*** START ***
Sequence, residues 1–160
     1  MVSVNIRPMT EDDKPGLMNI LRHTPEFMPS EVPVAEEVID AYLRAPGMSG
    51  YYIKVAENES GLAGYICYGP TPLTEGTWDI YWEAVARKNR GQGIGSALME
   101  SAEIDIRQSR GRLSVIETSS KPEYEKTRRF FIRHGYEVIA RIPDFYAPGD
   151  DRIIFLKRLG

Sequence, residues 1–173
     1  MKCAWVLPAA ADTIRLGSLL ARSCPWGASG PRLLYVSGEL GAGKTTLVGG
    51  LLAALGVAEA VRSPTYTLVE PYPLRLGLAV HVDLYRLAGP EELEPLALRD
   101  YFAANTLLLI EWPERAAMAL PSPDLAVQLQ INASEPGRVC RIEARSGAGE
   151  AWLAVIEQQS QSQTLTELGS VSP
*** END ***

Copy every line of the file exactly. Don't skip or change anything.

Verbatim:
Sequence, residues 1–160
     1  MVSVNIRPMT EDDKPGLMNI LRHTPEFMPS EVPVAEEVID AYLRAPGMSG
    51  YYIKVAENES GLAGYICYGP TPLTEGTWDI YWEAVARKNR GQGIGSALME
   101  SAEIDIRQSR GRLSVIETSS KPEYEKTRRF FIRHGYEVIA RIPDFYAPGD
   151  DRIIFLKRLG

Sequence, residues 1–173
     1  MKCAWVLPAA ADTIRLGSLL ARSCPWGASG PRLLYVSGEL GAGKTTLVGG
    51  LLAALGVAEA VRSPTYTLVE PYPLRLGLAV HVDLYRLAGP EELEPLALRD
   101  YFAANTLLLI EWPERAAMAL PSPDLAVQLQ INASEPGRVC RIEARSGAGE
   151  AWLAVIEQQS QSQTLTELGS VSP